Dead In The Water: Living on the outside, speaking to the inside


Jacob Stewart, Columnist

Life has been pleasant here on the outside. Four months since my release, all thanks to good behavior, but believe it or not, I find myself missing those days on the inside. I can remember writing my first article, back in the fall of 2016, discussing the possibility that I’d become institutionalized and that I’d never be able to exist without being on that campus. Then again, I’m sure most of you have no idea who I am or what I’m talking about, and I will try to make that brief. I’m nothing more than an old con, a five-year inmate to the fine institution we know as Wayne State College; but now, I’m a free man, or as free as proper society will let me be.

Now that we’ve gotten the preliminaries out of the way, we can get to more important matters. If any of you out there remember my past work, I’m sure you will know that I often ramble on from literature
to politics, and more often than not, I tend to make little to no sense, at least not to anyone who is pure in their sanity. Today I think I will try to avoid all of that — at least I will do what I can — but seeing as how I’m working on a tight deadline, I might just have to use tried and true methods to make the cut on this one. Let’s see where this goes, and with any luck, we can have some fun with it.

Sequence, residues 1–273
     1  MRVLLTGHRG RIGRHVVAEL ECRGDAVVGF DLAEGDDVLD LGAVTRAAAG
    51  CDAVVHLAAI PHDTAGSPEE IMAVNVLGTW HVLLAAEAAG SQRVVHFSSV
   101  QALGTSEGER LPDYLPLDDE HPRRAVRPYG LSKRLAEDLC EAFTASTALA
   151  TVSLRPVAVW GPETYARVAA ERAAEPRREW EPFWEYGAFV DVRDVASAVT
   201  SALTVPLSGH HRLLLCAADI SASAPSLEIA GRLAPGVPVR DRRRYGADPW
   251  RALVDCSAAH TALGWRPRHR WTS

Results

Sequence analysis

To all the freshmen out there, the new arrivals, don’t take it too seriously, this life on the inside. I know that it all might seem like too much at this moment (and believe me, when midterms come around, you’ll know all about stress), but it’ll get simple, and soon enough you’ll find that college is about as good as you can get. Embrace the freedom, go to the poetry and fiction slams, have late-night movie sessions, go out on the town, but just don’t forget about the due dates. And don’t sleep through a test, the professors frown on that. Also, grab yourself a copy of Hemingway’s “The Sun Also Rises.” It’s the perfect book for a freshman college student, and take it from someone who was once in your shoes, we’re all lost in that first year (and some of us for much longer), and we all need a guide to help us along the way.

Something else I can tell you is to try to get away from technology every now and then. Step outside, breathe in the air, talk to someone face to face. Life has gotten too artificial in this age of social media breath down our necks, whispering in our ears like the devil on our shoulder. If you can make it one day or even just an hour without living online, you’re doing something right. Now, if you’ll excuse me, I’ve got to prepare myself for tomorrow. The downfall of graduation – adulthood is your probation officer, and you can duck him forever.